Mothari, Bihar railway station and Gandhi - the station building was pulled down!!.

Motihari railway station, Bihar.

Above image: The original Motihari railway junction (where Gandhi embarked on his arrival in Champaran) to join the protest against forced  Indigo cultivation by the British......... 

It was at Motihari railway station in Bihar's East Champaran   on the afternoon  - around 3 pm of April 15, 1917 in Bihar’s East Champaran,  Gandhiji got off  from the train coming from Nuzaffur  with a firm determination  not to leave that  place unless hia mission  was successfully completed. - lifting the poor farmers from abject povery and misery and to give a direction and a sense of purpose.   A big crowd was waiting to receive Gandhi and none of them had no idea whatsoever about the outcome  of their perpetual struggle against the British who forced them to grow indigo.

Location of  Motjhari, Champran Dist.

 Little did the press or the British realize  that the little man's crusade against them would snow ball into  a popular passive resistance called Satyagragha. The first satyagraha (policy of passive political resistance) was successfully introduced here which later became a  tool for  Gandhiji  to continue his freedom struggle against the English. The concept was so effective, it drew the attention of the media world over. ''While Champaran “introduced” India to Gandhi, he introduced  his idea of Satyagraha or civil disobedience to India.''  It was at Champaran that the transformation from Mohandas into the Mahatma began. During the 31st session of the Congress in Lucknow in 1916, Gandhi met Raj Kumar Shukla, a representative of farmers from Champaran through whom he came to know about the repression being faced by the native farmer. The wily British took advatage of the native farmers ignorance and illiteracy and exploited them to make fast bucks.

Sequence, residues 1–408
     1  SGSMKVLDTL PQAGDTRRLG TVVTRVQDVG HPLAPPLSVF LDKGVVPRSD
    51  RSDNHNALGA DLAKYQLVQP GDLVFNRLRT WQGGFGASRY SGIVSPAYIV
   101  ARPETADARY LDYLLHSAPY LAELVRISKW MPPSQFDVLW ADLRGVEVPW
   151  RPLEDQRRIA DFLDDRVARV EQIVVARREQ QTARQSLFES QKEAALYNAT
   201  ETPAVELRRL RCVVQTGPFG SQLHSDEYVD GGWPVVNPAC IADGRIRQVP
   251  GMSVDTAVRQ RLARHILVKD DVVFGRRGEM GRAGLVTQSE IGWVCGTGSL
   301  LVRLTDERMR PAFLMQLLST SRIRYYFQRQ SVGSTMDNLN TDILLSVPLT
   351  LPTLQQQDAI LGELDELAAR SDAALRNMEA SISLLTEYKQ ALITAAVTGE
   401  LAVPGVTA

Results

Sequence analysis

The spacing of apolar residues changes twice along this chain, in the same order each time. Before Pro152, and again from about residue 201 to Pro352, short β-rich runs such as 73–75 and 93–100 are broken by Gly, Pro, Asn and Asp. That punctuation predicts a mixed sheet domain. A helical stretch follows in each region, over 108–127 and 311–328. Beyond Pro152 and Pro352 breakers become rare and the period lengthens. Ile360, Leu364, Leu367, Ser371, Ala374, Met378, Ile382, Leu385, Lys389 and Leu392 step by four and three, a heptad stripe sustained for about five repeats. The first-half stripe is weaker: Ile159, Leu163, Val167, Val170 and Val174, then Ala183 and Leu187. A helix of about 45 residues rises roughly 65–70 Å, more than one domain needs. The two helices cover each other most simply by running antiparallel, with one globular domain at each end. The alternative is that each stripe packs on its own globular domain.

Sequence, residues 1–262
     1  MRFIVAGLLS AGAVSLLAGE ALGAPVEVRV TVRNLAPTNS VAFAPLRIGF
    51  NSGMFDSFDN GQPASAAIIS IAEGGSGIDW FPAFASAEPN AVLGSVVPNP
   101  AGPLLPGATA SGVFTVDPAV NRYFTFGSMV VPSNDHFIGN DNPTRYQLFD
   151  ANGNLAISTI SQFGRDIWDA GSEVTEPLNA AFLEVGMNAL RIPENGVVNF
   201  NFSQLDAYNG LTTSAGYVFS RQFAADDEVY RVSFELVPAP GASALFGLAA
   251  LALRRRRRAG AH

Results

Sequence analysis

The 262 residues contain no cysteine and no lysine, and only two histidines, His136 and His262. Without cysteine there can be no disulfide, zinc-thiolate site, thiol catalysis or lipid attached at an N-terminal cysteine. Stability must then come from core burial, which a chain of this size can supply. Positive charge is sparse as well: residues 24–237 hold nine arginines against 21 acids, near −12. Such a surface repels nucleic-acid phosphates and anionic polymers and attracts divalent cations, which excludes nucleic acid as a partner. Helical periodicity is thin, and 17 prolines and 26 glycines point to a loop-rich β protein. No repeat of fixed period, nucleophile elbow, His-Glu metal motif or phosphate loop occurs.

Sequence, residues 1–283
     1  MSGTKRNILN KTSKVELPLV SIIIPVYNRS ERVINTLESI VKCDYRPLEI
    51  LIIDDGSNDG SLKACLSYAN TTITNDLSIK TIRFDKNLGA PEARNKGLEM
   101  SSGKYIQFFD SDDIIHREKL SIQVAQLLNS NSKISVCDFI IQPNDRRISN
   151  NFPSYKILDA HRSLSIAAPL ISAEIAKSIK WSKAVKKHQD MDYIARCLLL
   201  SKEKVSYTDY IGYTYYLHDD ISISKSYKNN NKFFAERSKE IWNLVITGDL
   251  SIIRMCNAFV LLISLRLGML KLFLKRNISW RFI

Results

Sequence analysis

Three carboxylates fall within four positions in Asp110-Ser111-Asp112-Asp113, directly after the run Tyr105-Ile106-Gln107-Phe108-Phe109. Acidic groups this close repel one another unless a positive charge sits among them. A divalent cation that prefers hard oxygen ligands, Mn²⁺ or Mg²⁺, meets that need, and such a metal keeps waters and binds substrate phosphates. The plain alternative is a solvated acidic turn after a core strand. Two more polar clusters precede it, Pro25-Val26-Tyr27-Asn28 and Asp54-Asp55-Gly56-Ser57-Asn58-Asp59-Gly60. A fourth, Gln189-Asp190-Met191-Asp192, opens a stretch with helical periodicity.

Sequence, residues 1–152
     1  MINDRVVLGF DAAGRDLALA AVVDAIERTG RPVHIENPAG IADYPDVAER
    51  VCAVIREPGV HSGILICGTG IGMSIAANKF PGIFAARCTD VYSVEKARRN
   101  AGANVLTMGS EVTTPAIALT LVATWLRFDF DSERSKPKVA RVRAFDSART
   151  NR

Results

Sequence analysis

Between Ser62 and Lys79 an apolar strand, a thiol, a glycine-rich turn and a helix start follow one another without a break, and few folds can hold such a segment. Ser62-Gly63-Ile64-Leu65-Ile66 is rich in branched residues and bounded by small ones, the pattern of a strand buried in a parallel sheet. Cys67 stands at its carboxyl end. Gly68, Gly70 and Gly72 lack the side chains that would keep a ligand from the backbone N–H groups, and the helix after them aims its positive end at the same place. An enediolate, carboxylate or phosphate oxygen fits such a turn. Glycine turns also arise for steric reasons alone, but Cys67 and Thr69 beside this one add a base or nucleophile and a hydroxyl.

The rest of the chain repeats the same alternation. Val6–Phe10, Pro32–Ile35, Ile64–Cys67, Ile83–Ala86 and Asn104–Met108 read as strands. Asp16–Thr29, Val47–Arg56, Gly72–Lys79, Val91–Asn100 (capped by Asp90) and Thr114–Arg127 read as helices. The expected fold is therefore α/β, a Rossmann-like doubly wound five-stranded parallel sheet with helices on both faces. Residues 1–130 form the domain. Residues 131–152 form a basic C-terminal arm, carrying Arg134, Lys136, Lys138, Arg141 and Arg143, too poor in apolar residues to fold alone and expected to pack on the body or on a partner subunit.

The house passed the bill, which paved the way for the abolition of Tinkathiya system.Tinkathia was the system under which the native peasants of Champaran( Bihar) were forced to cultivate 3 kathaa Indigo out of every 20 kathaa (Bigha) of land. A Bigha is a popular land holding in Bihar and it is little less than an Acre. In other terms, the European agriculturists in Bihar (Champaran) followed illegal means of indigo farming and urged the Indian farmers to grow Indigo on the 3/20th portion of their land holding. This system came to be known as the Tinkathia system.The farmers were poorly compensated for their indigo crops and if they refused to plant indigo, they had to face heavy taxation. The landlords (mostly British) would enforce this system through their agents, called gumasta, who executed the terms brutally. 2019